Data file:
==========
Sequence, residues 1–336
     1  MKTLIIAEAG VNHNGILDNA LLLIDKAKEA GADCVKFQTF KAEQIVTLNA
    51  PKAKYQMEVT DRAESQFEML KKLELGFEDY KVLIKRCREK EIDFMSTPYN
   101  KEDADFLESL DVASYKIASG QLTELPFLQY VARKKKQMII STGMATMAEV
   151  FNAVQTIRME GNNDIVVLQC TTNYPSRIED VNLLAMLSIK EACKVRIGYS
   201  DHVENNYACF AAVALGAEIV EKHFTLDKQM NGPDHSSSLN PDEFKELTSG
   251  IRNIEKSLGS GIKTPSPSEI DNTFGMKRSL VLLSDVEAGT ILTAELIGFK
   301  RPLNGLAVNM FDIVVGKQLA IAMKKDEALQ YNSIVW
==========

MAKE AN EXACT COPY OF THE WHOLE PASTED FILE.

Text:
Sequence, residues 1–336
     1  MKTLIIAEAG VNHNGILDNA LLLIDKAKEA GADCVKFQTF KAEQIVTLNA
    51  PKAKYQMEVT DRAESQFEML KKLELGFEDY KVLIKRCREK EIDFMSTPYN
   101  KEDADFLESL DVASYKIASG QLTELPFLQY VARKKKQMII STGMATMAEV
   151  FNAVQTIRME GNNDIVVLQC TTNYPSRIED VNLLAMLSIK EACKVRIGYS
   201  DHVENNYACF AAVALGAEIV EKHFTLDKQM NGPDHSSSLN PDEFKELTSG
   251  IRNIEKSLGS GIKTPSPSEI DNTFGMKRSL VLLSDVEAGT ILTAELIGFK
   301  RPLNGLAVNM FDIVVGKQLA IAMKKDEALQ YNSIVW